Bio Note: I write poetry, edit fiction, tutor English, play the banjo, raise my son and make my husband laugh in Tampa, Florida. My poems have appeared in numerous publications, including Tar River Poetry and New Ohio Review. My first collection, Notes from the Girl Cave, was recently published by Kelsay Books.
When I squint at the cluster of torsos pinned 200 feet overhead, I imagine my husband and son dangling in halters in the front row, with loop tracking, giraffes, boulevards and city roofs spread out to the limits of their peripheral vision. I will belt-locks clamped; I’m chanting “safe, safe, safe” under my breath as suspension cuts to plummet-and-scream, a sharp breeze and the smell of popcorn and the hard zoom of wheels in grooves and the whoosh as riders plunge through a pond and beyond, soaking gangs of gigglers on the sidelines. Shouts fade, metal scaffolding clinks and holds for a second before a new load of shriekers drops from the pinnacle. I listen to steel bars shudder and let wild joy doppler toward me and away, toward me and away, a recurring tsunami that levels kid calls, wrapper crunkles, school-group Spanish, sunscreen squirts, coin jangles and guitar riffs, until even laws of gravity and Murphy recede into ambient theme-park patter.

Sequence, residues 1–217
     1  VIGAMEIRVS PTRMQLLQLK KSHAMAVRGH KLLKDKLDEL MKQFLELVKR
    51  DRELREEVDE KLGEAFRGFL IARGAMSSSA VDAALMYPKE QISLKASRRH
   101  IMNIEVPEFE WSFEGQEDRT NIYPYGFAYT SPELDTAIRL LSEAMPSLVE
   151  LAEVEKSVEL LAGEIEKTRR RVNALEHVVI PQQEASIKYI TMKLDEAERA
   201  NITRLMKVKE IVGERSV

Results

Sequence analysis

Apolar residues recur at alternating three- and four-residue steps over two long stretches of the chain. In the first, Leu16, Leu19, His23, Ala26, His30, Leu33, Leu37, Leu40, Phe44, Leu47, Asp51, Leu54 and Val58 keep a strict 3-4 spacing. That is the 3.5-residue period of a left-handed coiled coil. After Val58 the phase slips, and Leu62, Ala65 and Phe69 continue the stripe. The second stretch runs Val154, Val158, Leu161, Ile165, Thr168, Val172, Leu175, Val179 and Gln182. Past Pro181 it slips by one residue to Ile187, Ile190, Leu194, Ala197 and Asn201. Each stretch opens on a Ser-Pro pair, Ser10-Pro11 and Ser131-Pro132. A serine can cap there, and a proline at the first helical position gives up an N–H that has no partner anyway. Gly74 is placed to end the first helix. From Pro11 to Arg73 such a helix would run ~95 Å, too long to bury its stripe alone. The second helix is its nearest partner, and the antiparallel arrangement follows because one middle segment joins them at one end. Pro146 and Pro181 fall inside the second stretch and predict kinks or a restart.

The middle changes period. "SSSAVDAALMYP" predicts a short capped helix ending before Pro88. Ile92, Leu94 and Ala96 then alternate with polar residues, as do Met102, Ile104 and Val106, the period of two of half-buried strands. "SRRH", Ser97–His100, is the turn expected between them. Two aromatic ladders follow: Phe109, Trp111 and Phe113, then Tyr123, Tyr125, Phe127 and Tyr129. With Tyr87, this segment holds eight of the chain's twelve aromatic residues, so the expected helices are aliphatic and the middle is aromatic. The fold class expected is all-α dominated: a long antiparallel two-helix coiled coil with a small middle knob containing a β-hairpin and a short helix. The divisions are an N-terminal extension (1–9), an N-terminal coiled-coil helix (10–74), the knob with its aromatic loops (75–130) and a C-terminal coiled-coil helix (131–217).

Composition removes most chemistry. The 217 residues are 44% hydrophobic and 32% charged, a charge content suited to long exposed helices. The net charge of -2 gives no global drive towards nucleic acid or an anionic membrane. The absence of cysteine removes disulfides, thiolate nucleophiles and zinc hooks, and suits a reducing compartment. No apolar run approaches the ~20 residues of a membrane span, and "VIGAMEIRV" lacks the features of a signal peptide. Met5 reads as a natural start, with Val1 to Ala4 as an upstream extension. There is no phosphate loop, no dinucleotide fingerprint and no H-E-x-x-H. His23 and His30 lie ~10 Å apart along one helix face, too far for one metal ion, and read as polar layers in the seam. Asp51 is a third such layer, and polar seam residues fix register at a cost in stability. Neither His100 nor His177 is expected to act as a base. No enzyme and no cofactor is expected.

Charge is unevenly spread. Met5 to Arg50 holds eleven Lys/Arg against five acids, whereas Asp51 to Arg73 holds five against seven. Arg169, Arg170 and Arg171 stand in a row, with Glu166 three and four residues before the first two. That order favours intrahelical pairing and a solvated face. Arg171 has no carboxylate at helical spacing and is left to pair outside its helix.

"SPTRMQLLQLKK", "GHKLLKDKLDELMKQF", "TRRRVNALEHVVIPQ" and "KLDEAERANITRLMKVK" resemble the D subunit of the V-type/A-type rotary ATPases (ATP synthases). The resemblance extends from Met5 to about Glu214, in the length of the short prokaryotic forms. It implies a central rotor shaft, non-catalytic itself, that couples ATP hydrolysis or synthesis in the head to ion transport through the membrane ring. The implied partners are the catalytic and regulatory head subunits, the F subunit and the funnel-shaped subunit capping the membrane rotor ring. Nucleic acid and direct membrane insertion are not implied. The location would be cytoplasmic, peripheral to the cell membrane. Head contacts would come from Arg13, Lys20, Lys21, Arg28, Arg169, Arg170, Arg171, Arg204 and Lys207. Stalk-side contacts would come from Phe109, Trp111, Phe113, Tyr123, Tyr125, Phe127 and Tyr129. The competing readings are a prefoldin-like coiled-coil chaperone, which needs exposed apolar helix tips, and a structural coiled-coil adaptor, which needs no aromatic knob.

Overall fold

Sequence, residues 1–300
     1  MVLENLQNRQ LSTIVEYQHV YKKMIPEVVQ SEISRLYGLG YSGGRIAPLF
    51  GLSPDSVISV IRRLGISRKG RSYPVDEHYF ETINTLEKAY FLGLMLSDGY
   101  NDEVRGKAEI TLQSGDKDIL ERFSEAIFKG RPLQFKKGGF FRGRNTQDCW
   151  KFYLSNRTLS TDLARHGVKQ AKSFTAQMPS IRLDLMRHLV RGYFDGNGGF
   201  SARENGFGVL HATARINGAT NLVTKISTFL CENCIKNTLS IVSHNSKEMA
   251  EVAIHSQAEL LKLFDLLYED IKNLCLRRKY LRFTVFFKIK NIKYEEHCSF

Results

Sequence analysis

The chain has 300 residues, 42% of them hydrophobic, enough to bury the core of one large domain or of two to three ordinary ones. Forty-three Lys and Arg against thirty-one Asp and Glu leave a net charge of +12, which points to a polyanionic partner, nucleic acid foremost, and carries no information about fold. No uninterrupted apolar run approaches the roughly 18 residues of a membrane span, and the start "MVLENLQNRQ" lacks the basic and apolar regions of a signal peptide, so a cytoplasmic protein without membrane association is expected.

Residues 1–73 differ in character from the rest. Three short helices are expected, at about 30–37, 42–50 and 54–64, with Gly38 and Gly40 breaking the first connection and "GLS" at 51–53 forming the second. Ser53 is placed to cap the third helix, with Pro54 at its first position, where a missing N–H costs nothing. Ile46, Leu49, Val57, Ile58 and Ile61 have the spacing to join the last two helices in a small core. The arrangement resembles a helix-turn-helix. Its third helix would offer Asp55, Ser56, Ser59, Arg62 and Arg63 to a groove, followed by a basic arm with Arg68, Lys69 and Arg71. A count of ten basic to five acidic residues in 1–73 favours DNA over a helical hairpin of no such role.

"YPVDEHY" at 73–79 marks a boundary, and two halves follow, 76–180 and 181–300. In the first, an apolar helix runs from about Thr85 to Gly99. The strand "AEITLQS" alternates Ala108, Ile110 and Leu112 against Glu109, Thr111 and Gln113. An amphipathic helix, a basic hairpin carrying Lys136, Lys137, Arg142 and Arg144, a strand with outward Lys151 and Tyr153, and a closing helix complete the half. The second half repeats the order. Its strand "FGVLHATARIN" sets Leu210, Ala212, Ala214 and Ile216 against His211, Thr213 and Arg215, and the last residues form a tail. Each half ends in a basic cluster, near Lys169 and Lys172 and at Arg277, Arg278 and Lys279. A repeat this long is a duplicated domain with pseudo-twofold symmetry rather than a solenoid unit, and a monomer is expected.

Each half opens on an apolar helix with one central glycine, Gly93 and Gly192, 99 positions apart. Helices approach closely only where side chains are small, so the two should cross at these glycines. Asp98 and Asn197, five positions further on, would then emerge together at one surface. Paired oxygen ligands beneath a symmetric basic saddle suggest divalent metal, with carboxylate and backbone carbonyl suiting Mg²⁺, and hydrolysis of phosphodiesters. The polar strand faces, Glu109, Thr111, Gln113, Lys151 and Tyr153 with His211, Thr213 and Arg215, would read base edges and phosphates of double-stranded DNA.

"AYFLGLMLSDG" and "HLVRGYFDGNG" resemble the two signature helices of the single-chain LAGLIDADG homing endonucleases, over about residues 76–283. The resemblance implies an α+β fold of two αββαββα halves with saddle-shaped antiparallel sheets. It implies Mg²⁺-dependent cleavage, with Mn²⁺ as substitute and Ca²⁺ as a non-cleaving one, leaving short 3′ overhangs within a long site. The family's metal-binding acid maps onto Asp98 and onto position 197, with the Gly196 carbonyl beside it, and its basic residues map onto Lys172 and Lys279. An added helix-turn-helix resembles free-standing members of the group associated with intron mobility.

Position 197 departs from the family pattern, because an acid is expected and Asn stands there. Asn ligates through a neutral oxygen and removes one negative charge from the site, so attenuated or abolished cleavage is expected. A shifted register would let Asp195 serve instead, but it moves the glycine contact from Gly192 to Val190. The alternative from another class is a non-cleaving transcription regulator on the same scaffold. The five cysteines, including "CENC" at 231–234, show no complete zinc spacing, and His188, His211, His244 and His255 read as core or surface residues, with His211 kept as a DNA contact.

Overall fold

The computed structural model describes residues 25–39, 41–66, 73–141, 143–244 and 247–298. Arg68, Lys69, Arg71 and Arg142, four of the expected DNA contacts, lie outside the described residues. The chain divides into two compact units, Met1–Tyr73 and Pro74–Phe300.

If you reach the valley of wildflowers, don’t touch the killer Queen Anne’s lace. All major east-west roads have gone south, but the north still offers several must-see sites, open Tuesday twelve to four. Caution: the High Street bookstore is now stocked with fish logos and soul snatchers. Tropical travelers, steer clear of mosquitos with encephalitic intent and be advised that as of May, coastal towns will no longer exist. In fact, the whole scenic route’s a mess. We recommend you avoid tourist traps, stick to that cool path through the woods, keep an eye on the white blazes, make fires, scribble on maps.
©2020 Sarah Carleton
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